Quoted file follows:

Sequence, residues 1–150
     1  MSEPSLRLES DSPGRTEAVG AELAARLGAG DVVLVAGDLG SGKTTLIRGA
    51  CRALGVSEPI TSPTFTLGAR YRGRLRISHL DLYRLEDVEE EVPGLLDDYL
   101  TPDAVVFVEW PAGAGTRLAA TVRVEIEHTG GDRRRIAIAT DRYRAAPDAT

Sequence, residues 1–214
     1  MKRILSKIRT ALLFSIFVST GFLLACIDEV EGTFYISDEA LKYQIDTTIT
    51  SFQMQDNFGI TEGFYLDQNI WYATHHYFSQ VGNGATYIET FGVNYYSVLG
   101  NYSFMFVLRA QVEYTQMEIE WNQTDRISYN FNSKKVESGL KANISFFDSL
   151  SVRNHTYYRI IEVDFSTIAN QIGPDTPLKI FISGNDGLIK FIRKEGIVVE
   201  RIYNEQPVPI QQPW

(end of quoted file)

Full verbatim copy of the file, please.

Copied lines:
Sequence, residues 1–150
     1  MSEPSLRLES DSPGRTEAVG AELAARLGAG DVVLVAGDLG SGKTTLIRGA
    51  CRALGVSEPI TSPTFTLGAR YRGRLRISHL DLYRLEDVEE EVPGLLDDYL
   101  TPDAVVFVEW PAGAGTRLAA TVRVEIEHTG GDRRRIAIAT DRYRAAPDAT

Sequence, residues 1–214
     1  MKRILSKIRT ALLFSIFVST GFLLACIDEV EGTFYISDEA LKYQIDTTIT
    51  SFQMQDNFGI TEGFYLDQNI WYATHHYFSQ VGNGATYIET FGVNYYSVLG
   101  NYSFMFVLRA QVEYTQMEIE WNQTDRISYN FNSKKVESGL KANISFFDSL
   151  SVRNHTYYRI IEVDFSTIAN QIGPDTPLKI FISGNDGLIK FIRKEGIVVE
   201  RIYNEQPVPI QQPW